EA universities ‘reduced’ to certificate-issuing centres
East African Women in Perspective
Friday April 6, 2018
By Anne Kiruku
East African News Agency, Arusha
The 6th Academia-Public-Private Partnership Forum (APPPF) and Exhibition was held last week in Kenya, at a time when lecturers in Kenyan public universities have downed their tools over a pay dispute.
It is a sign of just how much the region has opted for burying its head in the sand over the myriad challenges affecting the education sector – and especially tertiary institutions.
As EAC leaders strive to transform the regional bloc into a Common Higher Education Area, they cannot afford to be ignorant of the critical challenges affecting the sector – and for which only a sincere approach can salvage it.
These challenges have lowered the quality of education and turned local universities into certificate-issuing centres, where learners attend classes to acquire certificates but without real transformation.
The inadequacy of public institutions in catering for the growing demand for education has led to overworked teaching staff and overstrained resources.
This has led to poor delivery of content, substandard research, and production of what employers are calling “half-baked graduates” who are not in tandem with the happenings on the ground.
Although it is the responsibility of institutions of higher learning to ensure the graduates churned out meet market standards and expectations, the private sector should realise that the work of the universities is to transform and open up a learner’s perception, but not necessarily to teach practical skills.
The private sector should be ready to conduct in-house training for its employees to acquire practical skills.
In this regard, universities have been complaining of lack of cooperation by the private sector when it comes to offering practical skills through internships; this challenge has been discussed during previous APPPF meetings and is not about to end.
Universities should involve industry in curriculum development and joint supervision; additionally, they should invite guest lecturers from industry so as to build relations and break the circle of disharmony.
Due to a lack of financing coupled with corruption, universities have been forced to rely on part-time lecturers who have been going through untold suffering with many universities – both private and public – delaying the payments for these lecturers for up to five years.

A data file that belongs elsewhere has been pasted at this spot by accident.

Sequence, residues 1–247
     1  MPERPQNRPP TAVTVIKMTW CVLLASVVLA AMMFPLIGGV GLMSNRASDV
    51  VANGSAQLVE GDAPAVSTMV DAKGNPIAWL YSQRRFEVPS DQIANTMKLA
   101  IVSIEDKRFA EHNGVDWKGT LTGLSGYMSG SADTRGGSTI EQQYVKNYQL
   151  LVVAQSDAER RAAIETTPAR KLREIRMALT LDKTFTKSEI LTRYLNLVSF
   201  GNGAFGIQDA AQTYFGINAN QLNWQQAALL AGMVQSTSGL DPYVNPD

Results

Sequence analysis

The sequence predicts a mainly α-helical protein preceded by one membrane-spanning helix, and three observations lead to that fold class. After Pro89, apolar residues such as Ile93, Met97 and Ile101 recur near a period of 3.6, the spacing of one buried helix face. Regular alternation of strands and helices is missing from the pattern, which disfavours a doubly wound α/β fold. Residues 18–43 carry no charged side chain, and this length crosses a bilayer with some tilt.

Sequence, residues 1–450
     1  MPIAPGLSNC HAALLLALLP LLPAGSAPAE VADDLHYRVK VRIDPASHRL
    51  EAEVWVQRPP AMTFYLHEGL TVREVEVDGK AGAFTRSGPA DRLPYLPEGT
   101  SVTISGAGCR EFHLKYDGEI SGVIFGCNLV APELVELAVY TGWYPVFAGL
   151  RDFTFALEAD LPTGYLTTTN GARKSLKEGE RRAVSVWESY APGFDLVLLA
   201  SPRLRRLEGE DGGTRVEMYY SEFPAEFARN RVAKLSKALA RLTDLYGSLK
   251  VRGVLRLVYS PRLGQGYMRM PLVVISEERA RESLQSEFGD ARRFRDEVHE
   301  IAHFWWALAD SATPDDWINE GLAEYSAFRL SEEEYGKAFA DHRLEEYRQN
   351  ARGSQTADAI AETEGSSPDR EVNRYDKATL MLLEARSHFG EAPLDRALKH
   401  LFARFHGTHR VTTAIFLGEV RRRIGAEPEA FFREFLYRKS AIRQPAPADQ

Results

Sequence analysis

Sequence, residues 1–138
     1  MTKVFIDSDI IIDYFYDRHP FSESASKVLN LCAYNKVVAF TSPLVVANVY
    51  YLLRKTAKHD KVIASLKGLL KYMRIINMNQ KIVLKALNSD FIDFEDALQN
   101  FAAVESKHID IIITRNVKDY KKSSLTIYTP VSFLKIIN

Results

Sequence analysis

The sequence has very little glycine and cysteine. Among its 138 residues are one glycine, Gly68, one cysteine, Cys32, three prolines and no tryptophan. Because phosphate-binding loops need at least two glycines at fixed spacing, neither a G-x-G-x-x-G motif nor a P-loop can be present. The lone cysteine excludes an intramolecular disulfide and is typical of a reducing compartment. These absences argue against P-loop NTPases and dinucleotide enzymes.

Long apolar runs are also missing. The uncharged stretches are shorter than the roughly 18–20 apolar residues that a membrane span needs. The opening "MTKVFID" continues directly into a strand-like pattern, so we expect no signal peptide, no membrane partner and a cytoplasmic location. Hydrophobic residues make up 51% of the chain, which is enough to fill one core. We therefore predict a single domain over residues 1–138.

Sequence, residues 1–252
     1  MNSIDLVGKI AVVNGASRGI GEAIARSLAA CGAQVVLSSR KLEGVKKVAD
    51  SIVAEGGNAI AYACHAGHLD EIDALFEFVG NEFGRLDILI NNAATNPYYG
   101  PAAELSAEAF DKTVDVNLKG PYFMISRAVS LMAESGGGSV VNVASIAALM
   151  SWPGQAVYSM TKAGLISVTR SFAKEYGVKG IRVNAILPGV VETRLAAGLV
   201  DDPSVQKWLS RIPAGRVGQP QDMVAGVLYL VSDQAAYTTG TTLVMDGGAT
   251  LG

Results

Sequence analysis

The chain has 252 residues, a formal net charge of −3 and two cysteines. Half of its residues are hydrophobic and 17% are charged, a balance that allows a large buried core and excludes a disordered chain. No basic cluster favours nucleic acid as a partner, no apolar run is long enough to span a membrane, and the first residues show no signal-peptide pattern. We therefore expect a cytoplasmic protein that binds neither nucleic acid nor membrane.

Just three months ago, a private university in Kenya was closed down and several others put on notice for being cash-strapped, heavily in debt and unable to meet their commitments.
Rampant corruption at institutions of higher learning has seen some of them engage in white-elephant projects to the detriment of more academic-oriented activities.
It is unfortunate that some of them would rather build shopping malls inside the university than sponsor research that can transform lives in the region.
Research, which tends to be expensive and most times does not raise the profile of a university as a physical building does, has been relegated to the back burner.
Yet, research is no doubt a key component of development. The region must promote and support research if we are to be at par with the rest of the world.
Research should be in tandem with the social, economic and political challenges of the region.
Collaboration between the academia, other research institutions and industry should be enhanced so as to build partnerships for collaborative sharing of technology and innovation within the region.
It is equally unfortunate that although the recently held APPPF is the sixth, the rigid criteria used by university administrations do not allow credit transfers between universities and other post-secondary institutions across the region to date.
Even as the region boasts of deepened partnership among public institutions, the fact that something as simple as credit transfers cannot be done waters down numerous gains.
The region, through the Inter-Universities Council of East Africa (IUCEA), should facilitate the sharing of knowledge and best practices to promote industrialisation.
More centres of excellence need to be set up to facilitate the sharing of best practices. It is crucial to also well establish a regional research fund to promote sustainability of externally-funded projects.
A regional award as a means of promoting innovation will go a long way in encouraging a culture of research for development as well.
Universities should institutionalise research to create an enabling platform for industrialisation.
Students should be encouraged to produce a research uptake component before they can graduate so as to encourage a culture of research for industrialisation.
In order to deal with the frequent unrests within the teaching fraternity in local universities, which is a major disruption to learning, the region should encourage early dispute resolution mechanisms between the university administration and the unions.
In developed countries, a huge chunk of the higher education funding goes towards promoting research and innovation.
The opposite is the case in East Africa, with most of the funding going to building physical infrastructure so as to influence tenders and kickbacks.
That trend has to change if the region is to realise the Global Action to end poverty, protect the planet and ensure all people enjoy peace and prosperity.